Winona LaDuke is a rural development economist who lives and works on the White Earth reservation in northern Minnesota. She is the Executive Director of Honor the Earth Foundation, an Indigenous led advocacy and regranting organization with strategic initiatives on Native environmental issues and the survival of sustainable Native communities. She is also the Founding Director of White Earth Land Recovery Project, working for two decades on the land issues of the White Earth Reservation, including litigation over land rights in the 1980s. She has written extensively on Native American and environmental issues. Her books include: Last Standing Woman, All Our Relations, In the Sugarbush (children’s non-fiction), The Winona LaDuke Reader, Recovering the Sacred, and her latest, The Militarization of Indian Country, released in 2011. A graduate of Harvard University, with a graduate fellowship at the Massachusetts Institute of Technology (Community Development), and a Masters in Rural Development from Antioch University, Winona is a two time vice presidential candidate for the Green Party, and serves on several advisory boards.
Thomas K. Seligman
Upon his recent retirement from Stanford University after twenty three years, Tom Seligman became the John & Jill Freidenrich Director Emeritus of the Iris & B. Gerald Cantor Center for Visual Arts at Stanford University. Prior to becoming the first full-time Director in the museum’s history, Tom was a deputy director and Curator of the arts of Africa, Oceania and the Americas at The Fine Arts Museums of San Francisco, where he served for twenty years. Tom served as a trustee of the Association of Art Museum Directors, the American Federation of Arts and The American Association of Museums International Council of Museums (AAM/ICOM). He is founder of the Friends of Ethnic Arts. From 1988-92, Mr. Seligman served on the President’s Cultural Property Advisory Committee, which reviews requests from other countries for assistance under the terms of the law implementing the 1970 UNESCO Cultural Property Convention. He is a specialist in the arts of Africa. As a Peace Corps volunteer in Liberia, West Africa in the 1960s, he taught at Cuttington College and directed a museum of African art. He subsequently specialized in the arts and culture of the Tuareg people of the central Sahara and recently has been researching jewelry makers in Rajasthan and Gujarat, India in preparation for an exhibition and publication.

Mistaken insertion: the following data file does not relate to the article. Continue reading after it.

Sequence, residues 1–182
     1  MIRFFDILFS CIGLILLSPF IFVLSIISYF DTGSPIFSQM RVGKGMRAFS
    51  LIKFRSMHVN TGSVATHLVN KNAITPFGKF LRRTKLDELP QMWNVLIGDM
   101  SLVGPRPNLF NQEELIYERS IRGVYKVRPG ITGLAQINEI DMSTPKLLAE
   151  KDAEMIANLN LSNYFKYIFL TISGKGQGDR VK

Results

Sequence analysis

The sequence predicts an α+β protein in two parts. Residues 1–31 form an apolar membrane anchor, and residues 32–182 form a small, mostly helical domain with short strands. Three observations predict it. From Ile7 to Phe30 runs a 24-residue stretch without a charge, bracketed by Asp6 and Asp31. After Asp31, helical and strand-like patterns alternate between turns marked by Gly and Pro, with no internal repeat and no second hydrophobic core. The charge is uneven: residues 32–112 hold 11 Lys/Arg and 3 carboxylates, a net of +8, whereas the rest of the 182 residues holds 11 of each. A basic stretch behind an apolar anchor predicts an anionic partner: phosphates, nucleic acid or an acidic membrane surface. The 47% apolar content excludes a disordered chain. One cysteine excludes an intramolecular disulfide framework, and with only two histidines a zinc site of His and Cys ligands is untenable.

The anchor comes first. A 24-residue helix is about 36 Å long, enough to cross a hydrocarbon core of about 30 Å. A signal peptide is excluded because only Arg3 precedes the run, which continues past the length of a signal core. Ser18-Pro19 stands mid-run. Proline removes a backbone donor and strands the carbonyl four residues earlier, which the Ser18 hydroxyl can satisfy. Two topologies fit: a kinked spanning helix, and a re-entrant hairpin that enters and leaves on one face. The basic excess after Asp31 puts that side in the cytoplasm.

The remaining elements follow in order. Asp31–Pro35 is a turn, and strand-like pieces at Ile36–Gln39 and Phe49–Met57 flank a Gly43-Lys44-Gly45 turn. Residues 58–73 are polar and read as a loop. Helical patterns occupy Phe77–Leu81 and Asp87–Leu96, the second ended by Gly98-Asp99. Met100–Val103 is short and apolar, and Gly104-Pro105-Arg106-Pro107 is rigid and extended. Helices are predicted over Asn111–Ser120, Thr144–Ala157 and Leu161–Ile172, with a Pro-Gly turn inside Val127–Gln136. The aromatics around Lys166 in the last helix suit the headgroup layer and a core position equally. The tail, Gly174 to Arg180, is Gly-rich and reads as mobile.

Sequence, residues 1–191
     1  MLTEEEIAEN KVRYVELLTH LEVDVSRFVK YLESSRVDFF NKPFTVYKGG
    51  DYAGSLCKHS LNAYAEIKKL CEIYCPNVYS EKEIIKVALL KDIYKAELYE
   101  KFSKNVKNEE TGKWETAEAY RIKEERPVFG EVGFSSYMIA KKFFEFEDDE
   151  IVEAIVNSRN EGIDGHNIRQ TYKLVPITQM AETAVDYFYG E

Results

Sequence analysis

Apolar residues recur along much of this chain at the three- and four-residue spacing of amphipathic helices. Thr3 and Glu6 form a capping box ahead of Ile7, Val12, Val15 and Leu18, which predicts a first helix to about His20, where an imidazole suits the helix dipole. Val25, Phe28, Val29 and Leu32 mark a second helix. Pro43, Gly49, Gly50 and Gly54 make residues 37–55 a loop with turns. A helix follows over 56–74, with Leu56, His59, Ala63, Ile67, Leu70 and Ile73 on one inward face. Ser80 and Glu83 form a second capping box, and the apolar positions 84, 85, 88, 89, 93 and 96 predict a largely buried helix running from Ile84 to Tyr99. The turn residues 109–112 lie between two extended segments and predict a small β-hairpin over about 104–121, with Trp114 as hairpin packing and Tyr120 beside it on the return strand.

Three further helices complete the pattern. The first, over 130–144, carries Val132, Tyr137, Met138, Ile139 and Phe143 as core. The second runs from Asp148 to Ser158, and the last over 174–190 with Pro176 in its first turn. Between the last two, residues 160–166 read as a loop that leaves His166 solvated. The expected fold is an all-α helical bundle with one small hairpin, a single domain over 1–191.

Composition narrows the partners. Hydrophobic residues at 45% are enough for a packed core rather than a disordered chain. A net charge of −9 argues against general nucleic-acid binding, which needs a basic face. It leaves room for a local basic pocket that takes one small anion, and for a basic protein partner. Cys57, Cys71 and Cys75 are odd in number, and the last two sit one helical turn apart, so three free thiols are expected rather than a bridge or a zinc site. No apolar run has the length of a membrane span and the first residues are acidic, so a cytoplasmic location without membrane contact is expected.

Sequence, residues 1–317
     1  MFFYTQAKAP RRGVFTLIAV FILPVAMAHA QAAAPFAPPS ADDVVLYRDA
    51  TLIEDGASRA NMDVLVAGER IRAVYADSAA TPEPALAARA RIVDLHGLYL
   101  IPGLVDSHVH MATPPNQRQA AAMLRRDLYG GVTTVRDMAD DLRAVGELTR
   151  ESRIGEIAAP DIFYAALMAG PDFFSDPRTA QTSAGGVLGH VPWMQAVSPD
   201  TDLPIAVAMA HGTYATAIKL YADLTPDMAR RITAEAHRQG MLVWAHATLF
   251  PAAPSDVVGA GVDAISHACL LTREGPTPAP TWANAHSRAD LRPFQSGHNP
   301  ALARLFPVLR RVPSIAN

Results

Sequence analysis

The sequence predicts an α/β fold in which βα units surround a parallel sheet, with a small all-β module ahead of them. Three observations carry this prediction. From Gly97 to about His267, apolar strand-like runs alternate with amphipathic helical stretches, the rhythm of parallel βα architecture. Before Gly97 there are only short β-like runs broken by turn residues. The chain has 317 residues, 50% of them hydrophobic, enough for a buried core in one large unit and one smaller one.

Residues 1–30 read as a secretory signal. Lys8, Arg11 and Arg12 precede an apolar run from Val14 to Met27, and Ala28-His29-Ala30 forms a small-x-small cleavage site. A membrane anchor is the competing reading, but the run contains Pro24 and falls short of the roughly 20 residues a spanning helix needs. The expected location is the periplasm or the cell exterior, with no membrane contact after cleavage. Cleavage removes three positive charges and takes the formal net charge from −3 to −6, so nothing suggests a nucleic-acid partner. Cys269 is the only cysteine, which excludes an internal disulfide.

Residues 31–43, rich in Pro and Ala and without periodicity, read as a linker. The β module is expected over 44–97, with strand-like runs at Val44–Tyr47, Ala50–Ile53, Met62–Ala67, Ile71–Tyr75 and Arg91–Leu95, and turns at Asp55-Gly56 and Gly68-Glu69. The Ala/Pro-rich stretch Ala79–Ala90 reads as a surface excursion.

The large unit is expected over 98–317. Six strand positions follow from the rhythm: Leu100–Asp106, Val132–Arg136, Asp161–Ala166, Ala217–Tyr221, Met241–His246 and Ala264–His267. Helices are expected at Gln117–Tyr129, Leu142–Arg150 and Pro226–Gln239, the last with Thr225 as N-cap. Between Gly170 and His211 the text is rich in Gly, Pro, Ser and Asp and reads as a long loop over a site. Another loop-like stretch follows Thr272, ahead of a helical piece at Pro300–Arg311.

Atossa Soltani is the founder and board chair of Amazon Watch. Founded in 1996, Amazon Watch is a non-profit organization dedicated to defending the rights and the territories of indigenous peoples of the Amazon basin (www.amazonwatch.org). Since 1991, Atossa has been working to support indigenous peoples in their efforts to protect their rights to self-determination, territories, natural resources, culture, and way of life. Prior to founding Amazon Watch, Atossa directed campaigns at the Rainforest Action Network (1991-1996). Atossa has worked on documenting and publicizing human rights abuses and environmental disasters caused by extractive industries and large scale infrastructure projects throughout the Amazon. She has led successful campaigns challenging oil companies and international financial institutions to adopt stronger environmental and social standards globally. Atossa is a skilled media strategist, photographer and filmmaker and has produced a number of short educational films about this subject. Atossa serves on the board of directors of Social and Environmental Entrepreneurs, and has served as the Energy and Water Conservation Program Director for the City of Santa Monica from (1988-91). In her free time, she serves as a photographer for Project Bandaloop, a non-profit aerial dance company. Atossa holds a B.S. in Public Policy Management from the University of Akron, Ohio. She is fluent in Spanish and Farsi.
Richard Williams (Secretary)